The 2013–2014 Dawson College Annual Research Review attests to major research activity and varied research initiatives. Here are a few examples that illustrate the diversity of research at Dawson:

Richard Soare (Geography) published several papers on geological landscapes of Mars. Frédéric Bastien (History) studies constitutional history and recently published La Bataille de Londres, a topic of much discussion in the media. Janice Harvey received a four-year grant from the FRQSC for her work with an UQAM research team. Their project: Le gouvernement de la misère et la citoyenneté: pauvreté, maladie et crime dans l’histoire du Québec. Louisa Hadley published the book Responding to Margaret Thatcher’s Death (Palgrave Pivot, April 2014). Shelagh Robinson studied the effect of reading backwards text on cognition. She has created an iTunes app called Mirror Read, and with Kyle Ilantzis, she created a specialized Mirror Bookmark. This new technology offers an easy way to view the mirror image of Web pages http://www.mirrorread.com/#!mirror-bookmark/c20hh). Miranda Campbell published the book: Out of the Basement: Youth Cultural Production in Practice and in Policy (McGill Queens University Press, 2013), a study on the variety of cultural productions of young people in the 21st century and their impact on their lives.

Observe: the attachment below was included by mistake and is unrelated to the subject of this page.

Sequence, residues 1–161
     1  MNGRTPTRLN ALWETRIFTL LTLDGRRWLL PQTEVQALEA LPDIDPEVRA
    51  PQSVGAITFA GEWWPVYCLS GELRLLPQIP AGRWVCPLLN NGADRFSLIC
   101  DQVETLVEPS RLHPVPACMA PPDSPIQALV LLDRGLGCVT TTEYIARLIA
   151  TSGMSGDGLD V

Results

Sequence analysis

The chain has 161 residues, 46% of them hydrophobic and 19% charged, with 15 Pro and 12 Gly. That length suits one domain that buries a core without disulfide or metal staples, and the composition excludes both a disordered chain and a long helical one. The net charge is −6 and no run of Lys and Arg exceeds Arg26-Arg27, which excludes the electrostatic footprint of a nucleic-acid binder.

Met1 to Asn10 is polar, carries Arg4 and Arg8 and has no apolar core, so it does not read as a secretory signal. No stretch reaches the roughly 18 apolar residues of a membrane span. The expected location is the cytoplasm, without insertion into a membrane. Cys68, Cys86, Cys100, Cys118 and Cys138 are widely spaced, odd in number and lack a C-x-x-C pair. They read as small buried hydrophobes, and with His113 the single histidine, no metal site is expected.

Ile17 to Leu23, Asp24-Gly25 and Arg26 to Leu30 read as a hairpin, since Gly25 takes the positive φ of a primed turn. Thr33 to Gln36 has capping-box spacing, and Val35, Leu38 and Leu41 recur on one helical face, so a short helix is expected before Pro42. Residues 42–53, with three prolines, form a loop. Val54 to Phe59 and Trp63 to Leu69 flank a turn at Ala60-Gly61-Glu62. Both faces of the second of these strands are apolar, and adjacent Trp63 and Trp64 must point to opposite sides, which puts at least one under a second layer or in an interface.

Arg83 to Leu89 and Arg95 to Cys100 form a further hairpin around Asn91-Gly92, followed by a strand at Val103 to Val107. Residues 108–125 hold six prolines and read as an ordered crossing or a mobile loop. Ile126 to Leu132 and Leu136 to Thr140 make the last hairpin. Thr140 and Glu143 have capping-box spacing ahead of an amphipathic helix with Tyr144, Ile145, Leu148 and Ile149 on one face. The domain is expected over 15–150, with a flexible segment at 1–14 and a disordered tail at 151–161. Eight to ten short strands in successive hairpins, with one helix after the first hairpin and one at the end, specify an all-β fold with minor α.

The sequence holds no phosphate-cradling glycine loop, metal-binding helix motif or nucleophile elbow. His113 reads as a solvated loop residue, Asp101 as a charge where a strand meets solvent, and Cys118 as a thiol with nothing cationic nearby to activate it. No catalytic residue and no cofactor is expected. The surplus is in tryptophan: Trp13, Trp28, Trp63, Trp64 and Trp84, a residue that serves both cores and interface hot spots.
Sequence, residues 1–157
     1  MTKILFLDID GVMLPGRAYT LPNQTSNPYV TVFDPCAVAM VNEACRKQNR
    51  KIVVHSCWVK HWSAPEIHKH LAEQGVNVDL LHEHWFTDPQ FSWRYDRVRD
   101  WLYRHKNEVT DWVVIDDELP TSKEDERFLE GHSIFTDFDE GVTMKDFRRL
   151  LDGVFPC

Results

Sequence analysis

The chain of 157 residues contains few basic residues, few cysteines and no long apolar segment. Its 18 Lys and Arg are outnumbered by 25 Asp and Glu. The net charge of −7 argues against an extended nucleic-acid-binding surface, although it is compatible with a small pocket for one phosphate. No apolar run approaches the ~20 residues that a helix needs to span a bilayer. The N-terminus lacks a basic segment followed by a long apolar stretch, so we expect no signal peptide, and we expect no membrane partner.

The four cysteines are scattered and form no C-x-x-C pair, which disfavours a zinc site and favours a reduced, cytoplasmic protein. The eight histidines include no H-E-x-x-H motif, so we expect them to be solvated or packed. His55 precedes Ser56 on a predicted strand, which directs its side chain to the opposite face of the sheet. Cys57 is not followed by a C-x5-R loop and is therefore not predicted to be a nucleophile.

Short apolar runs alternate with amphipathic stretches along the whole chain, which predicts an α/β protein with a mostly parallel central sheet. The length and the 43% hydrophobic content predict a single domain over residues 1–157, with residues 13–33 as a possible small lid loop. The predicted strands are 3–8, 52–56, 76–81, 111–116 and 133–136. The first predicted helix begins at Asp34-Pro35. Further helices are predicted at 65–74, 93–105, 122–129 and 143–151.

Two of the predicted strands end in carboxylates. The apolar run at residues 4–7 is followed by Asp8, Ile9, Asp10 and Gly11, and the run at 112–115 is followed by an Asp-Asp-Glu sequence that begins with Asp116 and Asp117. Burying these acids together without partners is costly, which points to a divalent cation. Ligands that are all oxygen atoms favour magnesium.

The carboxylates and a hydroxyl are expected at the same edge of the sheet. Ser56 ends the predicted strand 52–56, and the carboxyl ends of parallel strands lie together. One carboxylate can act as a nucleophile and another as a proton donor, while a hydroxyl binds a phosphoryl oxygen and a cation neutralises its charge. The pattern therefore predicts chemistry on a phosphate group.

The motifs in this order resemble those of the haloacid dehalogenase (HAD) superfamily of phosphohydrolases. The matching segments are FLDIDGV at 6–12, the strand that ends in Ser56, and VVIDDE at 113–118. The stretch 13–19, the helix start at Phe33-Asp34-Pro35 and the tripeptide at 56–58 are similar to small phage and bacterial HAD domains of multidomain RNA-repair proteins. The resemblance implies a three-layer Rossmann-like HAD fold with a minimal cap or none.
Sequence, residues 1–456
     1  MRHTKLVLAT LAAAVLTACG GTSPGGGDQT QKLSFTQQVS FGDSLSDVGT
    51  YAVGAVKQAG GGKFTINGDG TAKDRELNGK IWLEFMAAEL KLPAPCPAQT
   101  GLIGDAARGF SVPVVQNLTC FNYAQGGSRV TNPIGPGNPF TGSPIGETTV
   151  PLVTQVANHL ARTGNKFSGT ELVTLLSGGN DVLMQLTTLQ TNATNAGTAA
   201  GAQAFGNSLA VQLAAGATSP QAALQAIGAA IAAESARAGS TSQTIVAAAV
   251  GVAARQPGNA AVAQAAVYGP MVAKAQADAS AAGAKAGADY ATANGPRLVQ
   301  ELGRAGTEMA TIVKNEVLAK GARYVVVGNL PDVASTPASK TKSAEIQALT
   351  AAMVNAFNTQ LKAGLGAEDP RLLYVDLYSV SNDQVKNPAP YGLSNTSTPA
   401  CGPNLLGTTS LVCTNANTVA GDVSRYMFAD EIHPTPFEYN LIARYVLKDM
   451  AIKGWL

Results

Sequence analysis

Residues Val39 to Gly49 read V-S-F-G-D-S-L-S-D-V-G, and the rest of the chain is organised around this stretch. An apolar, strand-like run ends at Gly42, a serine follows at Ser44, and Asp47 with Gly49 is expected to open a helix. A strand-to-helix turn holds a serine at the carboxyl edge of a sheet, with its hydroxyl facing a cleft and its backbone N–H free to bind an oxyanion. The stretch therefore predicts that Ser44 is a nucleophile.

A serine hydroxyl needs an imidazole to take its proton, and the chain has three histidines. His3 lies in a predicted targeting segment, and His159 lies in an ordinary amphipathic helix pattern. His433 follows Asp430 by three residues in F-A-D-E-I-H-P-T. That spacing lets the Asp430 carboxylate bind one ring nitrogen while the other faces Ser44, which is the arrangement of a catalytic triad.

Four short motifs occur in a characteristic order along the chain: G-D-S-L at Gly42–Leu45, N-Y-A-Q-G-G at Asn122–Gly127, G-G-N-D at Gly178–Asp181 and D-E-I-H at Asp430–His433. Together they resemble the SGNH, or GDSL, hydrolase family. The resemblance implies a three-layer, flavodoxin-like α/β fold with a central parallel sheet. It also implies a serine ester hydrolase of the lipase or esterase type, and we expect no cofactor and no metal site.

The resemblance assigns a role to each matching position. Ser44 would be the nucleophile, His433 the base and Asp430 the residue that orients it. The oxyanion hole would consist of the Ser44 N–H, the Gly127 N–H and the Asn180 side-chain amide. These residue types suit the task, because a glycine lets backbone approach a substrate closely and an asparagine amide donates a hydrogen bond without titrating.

Presence of CRISPESH